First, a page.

Historically, three recognized professional careers existed: medicine, law, and the clergy. The people whom each of these professions served looked for guidance, legitimate leadership, and a strong sense of hope. The people expected outstanding service, the safety of trusted relationships, and the leaders of these professions to practise and conduct themselves in an ethical manner.
Since I didn’t choose a career in law and I’m not a member of the clergy, I can only speak to the valued profession of medicine. And in medicine today, those long-established tenets continue to be held in high esteem. Physicians take great pride in our profession’s longstanding traditions of altruism, the use of scientific evidence, and the value and merits of the social contract. As doctors of medicine we strive for professionalism in every aspect of our working lives. It is the cornerstone of our relationships with patients, with one another, with other health care providers, and most certainly with society. As of late it has become increasingly difficult to live up to those standards.
What does it mean to be a doctor within the landscape of BC today? Our College feels that the social order has changed. And I sense feelings of angst and discomfort among our colleagues in the many areas of the province that I travel to. Over the last decade I have witnessed, and our peers are experiencing, the de-professionalization of medicine—a sense that the foundation of our professionalism is being eroded.
Medicine is changing faster than ever before and we are at a crossroads. Advancements in medical treatments and therapies, combined with societal changes and changes within the health care system itself, are impacting the way physicians practise medicine. Many of these changes have us feeling burned out and, yes, skeptical of the future of health care. We struggle with a fragmented system in which our patients are said to fall through the cracks, yet it is our patients and society who are looking to us as the medical profession for meaningful solutions. This is a great burden to carry, yet, at this time when the corporatization of medicine is the single biggest challenge to our professionalism, we have significant and determined obstacles ahead that require us to unite and rally strongly as a profession.
Health care is delivered through a network of relationships that encompasses many different health care professionals, administrators, and government, and of course our patients are central to this. These relationships, which are at times challenging, are influenced by individual behavior, constantly changing societal norms, and a political environment that has trouble planning and visioning for anything longer than a single election cycle or government. As a result, when changes occur in any of these areas, our core professionalism can be challenged.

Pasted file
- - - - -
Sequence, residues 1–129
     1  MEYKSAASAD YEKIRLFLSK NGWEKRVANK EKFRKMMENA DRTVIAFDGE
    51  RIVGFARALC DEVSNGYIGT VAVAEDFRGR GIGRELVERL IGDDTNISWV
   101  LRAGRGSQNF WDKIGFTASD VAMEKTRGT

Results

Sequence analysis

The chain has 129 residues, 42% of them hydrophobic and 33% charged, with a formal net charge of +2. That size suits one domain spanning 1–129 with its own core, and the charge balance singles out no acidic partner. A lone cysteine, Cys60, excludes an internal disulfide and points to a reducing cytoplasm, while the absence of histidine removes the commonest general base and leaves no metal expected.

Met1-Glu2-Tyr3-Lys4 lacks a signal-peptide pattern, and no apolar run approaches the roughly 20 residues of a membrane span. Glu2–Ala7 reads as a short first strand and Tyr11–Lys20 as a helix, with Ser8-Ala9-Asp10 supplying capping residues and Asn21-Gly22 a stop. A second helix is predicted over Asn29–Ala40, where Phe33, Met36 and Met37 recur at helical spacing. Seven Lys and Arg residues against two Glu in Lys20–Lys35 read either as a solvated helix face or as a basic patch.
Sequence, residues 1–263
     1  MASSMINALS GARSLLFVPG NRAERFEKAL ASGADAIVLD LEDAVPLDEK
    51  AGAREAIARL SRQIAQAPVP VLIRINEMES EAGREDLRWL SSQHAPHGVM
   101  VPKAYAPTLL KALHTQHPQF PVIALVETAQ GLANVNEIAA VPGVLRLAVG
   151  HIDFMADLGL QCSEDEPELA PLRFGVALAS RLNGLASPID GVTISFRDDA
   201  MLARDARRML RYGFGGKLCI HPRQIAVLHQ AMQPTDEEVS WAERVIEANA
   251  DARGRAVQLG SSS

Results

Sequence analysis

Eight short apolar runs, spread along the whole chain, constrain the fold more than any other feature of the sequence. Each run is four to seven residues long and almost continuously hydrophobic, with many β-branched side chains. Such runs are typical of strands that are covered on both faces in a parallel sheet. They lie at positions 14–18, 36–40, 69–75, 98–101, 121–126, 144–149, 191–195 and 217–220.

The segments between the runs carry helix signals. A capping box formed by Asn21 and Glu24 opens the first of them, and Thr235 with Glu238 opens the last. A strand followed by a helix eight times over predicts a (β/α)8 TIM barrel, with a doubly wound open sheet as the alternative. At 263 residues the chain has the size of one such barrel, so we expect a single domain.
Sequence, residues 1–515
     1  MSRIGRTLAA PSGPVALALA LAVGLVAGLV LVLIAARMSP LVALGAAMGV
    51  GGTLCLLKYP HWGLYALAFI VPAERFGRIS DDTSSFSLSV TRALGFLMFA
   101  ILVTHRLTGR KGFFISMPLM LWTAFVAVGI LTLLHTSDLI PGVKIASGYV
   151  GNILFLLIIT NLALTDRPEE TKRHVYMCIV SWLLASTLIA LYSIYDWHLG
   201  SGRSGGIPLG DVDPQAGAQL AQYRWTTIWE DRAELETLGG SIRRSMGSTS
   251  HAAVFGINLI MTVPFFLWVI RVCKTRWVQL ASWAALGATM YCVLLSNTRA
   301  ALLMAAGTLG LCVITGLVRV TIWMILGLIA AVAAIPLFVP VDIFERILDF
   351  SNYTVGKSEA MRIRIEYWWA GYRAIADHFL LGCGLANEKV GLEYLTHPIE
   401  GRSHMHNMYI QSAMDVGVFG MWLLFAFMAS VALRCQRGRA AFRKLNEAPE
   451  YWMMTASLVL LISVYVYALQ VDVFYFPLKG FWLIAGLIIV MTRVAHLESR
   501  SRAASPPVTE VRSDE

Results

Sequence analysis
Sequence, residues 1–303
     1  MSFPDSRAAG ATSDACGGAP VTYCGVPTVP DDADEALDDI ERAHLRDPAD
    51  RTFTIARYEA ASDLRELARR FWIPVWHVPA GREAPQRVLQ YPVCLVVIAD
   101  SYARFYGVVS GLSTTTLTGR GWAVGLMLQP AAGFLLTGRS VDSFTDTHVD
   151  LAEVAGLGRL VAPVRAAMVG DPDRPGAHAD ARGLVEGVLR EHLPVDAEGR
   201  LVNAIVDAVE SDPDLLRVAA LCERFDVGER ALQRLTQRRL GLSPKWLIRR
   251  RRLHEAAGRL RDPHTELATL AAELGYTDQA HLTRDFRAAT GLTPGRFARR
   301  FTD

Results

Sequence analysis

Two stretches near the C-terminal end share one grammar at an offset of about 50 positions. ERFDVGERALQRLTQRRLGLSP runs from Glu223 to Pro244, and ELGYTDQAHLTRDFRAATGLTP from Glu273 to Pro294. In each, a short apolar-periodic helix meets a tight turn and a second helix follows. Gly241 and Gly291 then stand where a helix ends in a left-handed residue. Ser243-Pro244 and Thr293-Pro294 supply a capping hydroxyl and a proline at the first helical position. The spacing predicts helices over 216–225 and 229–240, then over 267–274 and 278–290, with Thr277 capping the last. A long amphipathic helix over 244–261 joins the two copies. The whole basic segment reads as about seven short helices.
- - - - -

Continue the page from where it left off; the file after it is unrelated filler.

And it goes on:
In medicine, professionalism is very much about building and maintaining these relationships as we strive to provide quality patient care. And, as an association of doctors, we must deepen and expand our leadership in quality of care to and for our patients, and this can’t be accomplished without professionalism. Professionalism encompasses the attitudes, skills, behaviors, attributes, and values that are expected from those to whom society has extended the most notable privilege of being considered a professional.
We doctors are extremely fortunate. Years ago we chose, and today we get to experience, a humbling and meaningful professional career. We are highly educated; indeed, we are the experts in modern-day medicine, and we simply must not take that for granted. We get to be who we want to be in the context of the responsibility of being a doctor. We are a profession that is entrusted with serving our patients to the best of our abilities and expertise. And that, dear colleagues, is a great honor. In choosing to uphold the virtues of professionalism and by holding one another accountable, we can enhance our professional satisfaction and the patient experience, and provide the highest standard of health care. And isn’t that what being a doctor is all about?
—Alan Ruddiman, MBChB
Doctors of BC President
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Halpern SD, Ubel PA, Caplan AL, Marion DW, Palmer AM, Schiding JK, et al. Solid-organ transplantation in HIV-infected patients. N Engl J Med. 2002;347:284-7.
About the ICMJE and citation styles
The ICMJE is small group of editors of general medical journals who first met informally in Vancouver, British Columbia, in 1978 to establish guidelines for the format of manuscripts submitted to their journals. The group became known as the Vancouver Group. Its requirements for manuscripts, including formats for bibliographic references developed by the U.S. National Library of Medicine (NLM), were first published in 1979. The Vancouver Group expanded and evolved into the International Committee of Medical Journal Editors (ICMJE), which meets annually. The ICMJE created the Recommendations for the Conduct, Reporting, Editing, and Publication of Scholarly Work in Medical Journals to help authors and editors create and distribute accurate, clear, easily accessible reports of biomedical studies.
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